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Union Protests Hit Brazil But Fail To Connect To Youths

by Simon Benoit-Guyod and Yuseph Adam Katiya

Union Protests Hit Brazil But Fail To Connect To Youths

Union Protests Hit Brazil But Fail To Connect To Youths

On June 11, protests were held in more than one hundred and fifty cities across Brazil. The day of mobilization was called by trade unions and traditional social movements like the Movimento Sem Terra. Protesters demanded a 40-hour work week, better working conditions, more investments in health and education and land reform. The nationwide action took place almost one month after the largest mobilization in a generation and as the left-leaning government tries to contain protests with reforms.

In Curitiba, around four hundred demonstrators answered the call of the main trade union centrals and gathered in the city's downtown. Standing on a truck, various trade union leaders called for a 40-hour work week as well as the end of outsourcing. Many trade union sympathizers were carrying flags and sung the national anthem at Praça Rui Barbosa while public transports were partially paralyzed during three hours in the state capital of Parana.

"We were here to demand a 40-hour work-week. We also want outsourcing to stop," explained Jair Da Silva, a trade union leader from metallurgy union SMC. According to Da Silva, salaries which range from 1,000 reais onwards are also a major source of discontent. "We here to show our support to the working class, we wearing our work uniforms to show that we are not here to break or vandalize," added the trade union leader.

Early in the afternoon, a group of mailmen from Correios (the Brazilian Post and Telegraph Corporation) joined the gathering carrying a sign reading « We are the worst paid public workers in this country.» According to Alexandre Basilio, an ex-Correios employee who took part in the protests in June, mailmen make around 1,200 reais a month and walk around 14 kilometers a day. Basilio said he feared that the Brazilian public mail company would be privatized in the near future. "Bosses do not negotiate. This is the just the beginning of new actions. There will be strikes," he said.

Though the agenda focused on labor rights, better public education and health were amongst the key requests of the demonstrators. "We want better working conditions and less students," said primary school teacher and APP union leader Miguel Baez. "I'm only half-satisfied with the political response," said the teacher. For João Negrão , President of the Teachers Association, the decision to use the totallity of oil revenues for education is far from enough. "We want more. Oil royalties only make up 1% of the PIB. We want 10% of the PIB to be invested into education," explained Negrão an English professor at the Federal University of Parana (UFPR).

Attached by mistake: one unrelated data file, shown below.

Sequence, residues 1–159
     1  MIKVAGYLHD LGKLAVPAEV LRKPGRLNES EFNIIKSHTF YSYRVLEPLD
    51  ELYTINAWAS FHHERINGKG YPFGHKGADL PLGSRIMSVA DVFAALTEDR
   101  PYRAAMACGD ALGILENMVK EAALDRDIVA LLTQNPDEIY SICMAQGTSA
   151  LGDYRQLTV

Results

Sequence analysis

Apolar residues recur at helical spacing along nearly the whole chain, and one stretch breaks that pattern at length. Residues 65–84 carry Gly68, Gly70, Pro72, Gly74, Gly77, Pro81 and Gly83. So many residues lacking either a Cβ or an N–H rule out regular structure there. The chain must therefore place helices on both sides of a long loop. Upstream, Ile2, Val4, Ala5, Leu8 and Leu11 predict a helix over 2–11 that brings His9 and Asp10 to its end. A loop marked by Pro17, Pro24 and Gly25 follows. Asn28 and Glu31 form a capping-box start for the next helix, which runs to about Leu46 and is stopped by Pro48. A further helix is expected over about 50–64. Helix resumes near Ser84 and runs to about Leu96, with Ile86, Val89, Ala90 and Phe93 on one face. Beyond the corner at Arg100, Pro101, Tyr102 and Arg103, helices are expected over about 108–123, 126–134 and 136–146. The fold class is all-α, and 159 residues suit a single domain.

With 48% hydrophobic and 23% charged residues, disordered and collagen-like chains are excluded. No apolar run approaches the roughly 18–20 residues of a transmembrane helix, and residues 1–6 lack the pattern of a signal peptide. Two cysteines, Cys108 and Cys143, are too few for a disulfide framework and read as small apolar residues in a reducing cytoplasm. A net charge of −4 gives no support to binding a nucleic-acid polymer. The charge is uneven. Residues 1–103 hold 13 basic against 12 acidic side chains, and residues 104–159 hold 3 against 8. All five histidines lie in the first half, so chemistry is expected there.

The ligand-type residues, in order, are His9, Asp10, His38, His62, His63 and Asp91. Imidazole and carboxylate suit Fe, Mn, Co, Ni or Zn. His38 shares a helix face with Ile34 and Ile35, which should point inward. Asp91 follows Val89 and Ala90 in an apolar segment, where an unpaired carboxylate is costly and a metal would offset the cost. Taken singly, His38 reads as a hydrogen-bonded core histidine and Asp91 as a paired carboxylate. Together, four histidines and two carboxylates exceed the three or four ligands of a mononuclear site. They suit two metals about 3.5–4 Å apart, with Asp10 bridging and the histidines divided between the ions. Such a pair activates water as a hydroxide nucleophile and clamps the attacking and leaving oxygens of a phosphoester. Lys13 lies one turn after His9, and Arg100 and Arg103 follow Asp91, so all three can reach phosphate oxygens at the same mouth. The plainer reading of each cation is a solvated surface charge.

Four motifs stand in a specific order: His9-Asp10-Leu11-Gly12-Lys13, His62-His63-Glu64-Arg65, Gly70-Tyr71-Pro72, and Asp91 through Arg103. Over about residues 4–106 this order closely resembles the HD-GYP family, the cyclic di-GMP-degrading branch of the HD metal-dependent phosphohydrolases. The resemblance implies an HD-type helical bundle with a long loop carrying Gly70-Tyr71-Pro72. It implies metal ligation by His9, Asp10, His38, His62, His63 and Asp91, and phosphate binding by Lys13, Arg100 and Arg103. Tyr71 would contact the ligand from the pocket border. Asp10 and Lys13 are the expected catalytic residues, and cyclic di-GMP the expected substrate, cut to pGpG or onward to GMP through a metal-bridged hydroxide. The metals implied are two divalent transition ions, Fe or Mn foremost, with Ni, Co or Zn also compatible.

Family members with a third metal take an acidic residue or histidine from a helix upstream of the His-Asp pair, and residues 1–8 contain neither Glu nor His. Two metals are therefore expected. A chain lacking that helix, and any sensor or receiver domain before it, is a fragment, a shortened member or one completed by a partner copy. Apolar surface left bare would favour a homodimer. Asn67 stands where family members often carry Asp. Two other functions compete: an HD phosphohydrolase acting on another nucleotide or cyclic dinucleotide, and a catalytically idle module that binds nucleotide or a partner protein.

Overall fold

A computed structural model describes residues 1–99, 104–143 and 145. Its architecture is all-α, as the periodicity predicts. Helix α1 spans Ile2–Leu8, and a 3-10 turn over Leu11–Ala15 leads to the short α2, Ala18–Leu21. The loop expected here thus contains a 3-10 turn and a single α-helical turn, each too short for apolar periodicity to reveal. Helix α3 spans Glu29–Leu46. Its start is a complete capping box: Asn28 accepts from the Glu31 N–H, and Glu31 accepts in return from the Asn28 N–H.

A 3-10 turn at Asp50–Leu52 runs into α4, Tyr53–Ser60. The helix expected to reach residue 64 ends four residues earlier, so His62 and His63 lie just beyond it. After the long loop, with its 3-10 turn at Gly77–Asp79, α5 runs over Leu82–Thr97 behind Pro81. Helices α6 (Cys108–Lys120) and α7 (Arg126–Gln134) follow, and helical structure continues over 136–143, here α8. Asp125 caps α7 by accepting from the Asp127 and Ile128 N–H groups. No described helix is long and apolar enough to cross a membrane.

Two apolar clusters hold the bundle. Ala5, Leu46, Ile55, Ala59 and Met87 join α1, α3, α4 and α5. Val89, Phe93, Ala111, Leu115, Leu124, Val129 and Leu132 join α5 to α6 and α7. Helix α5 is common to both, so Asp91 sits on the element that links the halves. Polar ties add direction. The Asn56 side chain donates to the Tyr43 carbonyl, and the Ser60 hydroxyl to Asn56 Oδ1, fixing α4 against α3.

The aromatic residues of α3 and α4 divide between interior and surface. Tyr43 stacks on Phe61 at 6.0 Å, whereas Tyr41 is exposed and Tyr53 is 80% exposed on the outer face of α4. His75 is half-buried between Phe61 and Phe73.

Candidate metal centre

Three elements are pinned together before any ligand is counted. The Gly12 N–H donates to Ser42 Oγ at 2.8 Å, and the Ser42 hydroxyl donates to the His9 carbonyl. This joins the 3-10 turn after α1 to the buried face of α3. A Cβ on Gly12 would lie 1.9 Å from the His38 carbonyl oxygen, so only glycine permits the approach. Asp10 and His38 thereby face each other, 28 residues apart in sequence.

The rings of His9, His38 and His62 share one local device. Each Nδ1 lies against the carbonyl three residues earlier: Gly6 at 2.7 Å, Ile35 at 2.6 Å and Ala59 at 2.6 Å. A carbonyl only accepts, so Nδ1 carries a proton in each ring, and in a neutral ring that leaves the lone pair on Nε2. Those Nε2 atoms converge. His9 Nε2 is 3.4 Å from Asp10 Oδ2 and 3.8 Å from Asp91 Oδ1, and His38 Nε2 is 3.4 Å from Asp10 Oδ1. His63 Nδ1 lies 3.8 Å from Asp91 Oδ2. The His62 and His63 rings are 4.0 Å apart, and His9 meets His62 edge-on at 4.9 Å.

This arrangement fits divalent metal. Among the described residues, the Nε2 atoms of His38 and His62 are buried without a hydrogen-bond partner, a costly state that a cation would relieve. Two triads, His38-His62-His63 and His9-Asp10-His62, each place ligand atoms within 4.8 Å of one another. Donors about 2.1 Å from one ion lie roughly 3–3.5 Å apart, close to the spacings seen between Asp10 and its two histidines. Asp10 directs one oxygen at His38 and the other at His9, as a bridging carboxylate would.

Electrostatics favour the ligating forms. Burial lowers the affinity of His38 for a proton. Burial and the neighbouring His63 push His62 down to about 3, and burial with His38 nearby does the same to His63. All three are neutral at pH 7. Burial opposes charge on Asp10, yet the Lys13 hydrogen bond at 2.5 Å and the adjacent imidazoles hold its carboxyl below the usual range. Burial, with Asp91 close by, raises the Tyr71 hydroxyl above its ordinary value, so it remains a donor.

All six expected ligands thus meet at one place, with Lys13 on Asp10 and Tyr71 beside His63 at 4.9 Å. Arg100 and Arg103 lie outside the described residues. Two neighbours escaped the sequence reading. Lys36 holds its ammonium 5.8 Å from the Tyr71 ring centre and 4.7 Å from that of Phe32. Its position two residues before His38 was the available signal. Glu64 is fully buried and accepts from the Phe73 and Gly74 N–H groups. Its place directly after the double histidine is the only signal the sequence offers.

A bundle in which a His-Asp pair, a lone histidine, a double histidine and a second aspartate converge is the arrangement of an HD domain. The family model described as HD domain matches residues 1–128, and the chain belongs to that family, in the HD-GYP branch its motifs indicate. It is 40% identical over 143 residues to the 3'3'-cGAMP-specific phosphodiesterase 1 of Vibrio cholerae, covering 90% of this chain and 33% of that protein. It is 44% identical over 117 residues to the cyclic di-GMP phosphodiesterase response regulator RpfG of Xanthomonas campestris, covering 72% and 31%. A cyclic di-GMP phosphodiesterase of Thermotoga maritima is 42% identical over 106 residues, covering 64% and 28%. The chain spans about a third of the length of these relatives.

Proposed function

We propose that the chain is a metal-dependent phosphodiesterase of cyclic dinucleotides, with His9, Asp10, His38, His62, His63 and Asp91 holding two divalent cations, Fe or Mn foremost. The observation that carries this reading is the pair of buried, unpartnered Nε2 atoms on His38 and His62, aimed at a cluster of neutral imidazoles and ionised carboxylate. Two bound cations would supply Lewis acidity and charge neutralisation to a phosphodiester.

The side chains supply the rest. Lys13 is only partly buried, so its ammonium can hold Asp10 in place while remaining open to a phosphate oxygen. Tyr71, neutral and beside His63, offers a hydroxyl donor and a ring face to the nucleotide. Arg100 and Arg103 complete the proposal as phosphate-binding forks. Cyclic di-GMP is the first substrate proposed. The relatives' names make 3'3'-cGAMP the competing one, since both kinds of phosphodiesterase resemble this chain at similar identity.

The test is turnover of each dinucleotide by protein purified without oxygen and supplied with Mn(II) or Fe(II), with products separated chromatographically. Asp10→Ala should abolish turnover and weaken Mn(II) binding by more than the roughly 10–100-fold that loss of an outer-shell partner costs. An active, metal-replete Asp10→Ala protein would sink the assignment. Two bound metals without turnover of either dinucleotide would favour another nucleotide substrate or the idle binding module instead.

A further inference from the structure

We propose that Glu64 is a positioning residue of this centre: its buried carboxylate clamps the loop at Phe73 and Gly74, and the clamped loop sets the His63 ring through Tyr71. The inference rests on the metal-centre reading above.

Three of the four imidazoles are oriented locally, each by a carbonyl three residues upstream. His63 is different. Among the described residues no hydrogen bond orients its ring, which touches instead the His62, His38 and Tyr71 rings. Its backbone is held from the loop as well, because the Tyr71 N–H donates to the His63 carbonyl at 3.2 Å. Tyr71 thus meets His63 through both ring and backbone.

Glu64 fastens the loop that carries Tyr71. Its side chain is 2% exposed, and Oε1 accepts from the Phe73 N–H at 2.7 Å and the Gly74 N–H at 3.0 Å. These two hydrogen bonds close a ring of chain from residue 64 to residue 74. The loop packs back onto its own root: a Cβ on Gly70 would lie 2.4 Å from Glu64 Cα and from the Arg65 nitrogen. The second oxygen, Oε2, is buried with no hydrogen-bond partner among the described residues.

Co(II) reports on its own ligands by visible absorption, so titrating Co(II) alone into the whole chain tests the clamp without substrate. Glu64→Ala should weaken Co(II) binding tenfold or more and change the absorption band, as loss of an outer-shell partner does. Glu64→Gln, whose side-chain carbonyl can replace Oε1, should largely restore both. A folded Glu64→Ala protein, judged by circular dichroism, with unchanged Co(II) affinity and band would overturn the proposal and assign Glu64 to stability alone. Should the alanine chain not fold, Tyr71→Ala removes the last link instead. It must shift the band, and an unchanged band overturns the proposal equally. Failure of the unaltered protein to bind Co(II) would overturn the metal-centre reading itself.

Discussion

Despite blocking several highways and major avenues around the country, the protest did not reach out to youths and non-trade union workers. The call issued by unions failed to bring students and workers from the private sector to the streets. "The movement started badly. The response of the unions was delayed," explained professor Luis Allan Kunzle who teaches mathematics at UFPR. « The left is trying to talk to the people but they don't know what to do,» explains the trade-union member professor, who finds the political reforms called by Brazilian President Dilma Rousseff "horrible." According to him, trade-unions' traditional strategies fail to connect with the rest of the Brazilian society.

A few feminist and anarchist groups also took part in the gathering. Around twenty young students carrying black and red flags launched a round of samba, not far from a statue made for the occasion showing a blind  Rousseff. Last month, the left-wing head of state and first female President in the history of Brazil saw her popularity rate drop from 57 to 30%, according to a poll from DataFolha.

In June, grassroots movements against mass transportation hikes and mega-event spending took more than a million Brazilians to the streets. Shocking images of police brutality spread quickly via social networks, and led to a massive national wave of protest. This all happened during the FIFA Confederation Cup, a tune-up for next year’s World Cup. The mega-event became a lighting rod for the protesters. Almost every game was met with passionate protests. The tournament gave the movement an international dimension. The demonstrations were widely covered by foreign reporters.

The Movimento Passe Livre (Free Fare Movement) was credited for igniting the revolt but the movement quickly began to incorporate other demands. In contrast to the movements that support the governing Workers Party, the revolt was led by urban middle class youth and achieved to lower the the price of public transport in several Brazilian cities including Sao Paulo, Rio de Janeiro, Porto Alegre and Curitiba.

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Topics: Labour
Tags: Brazil

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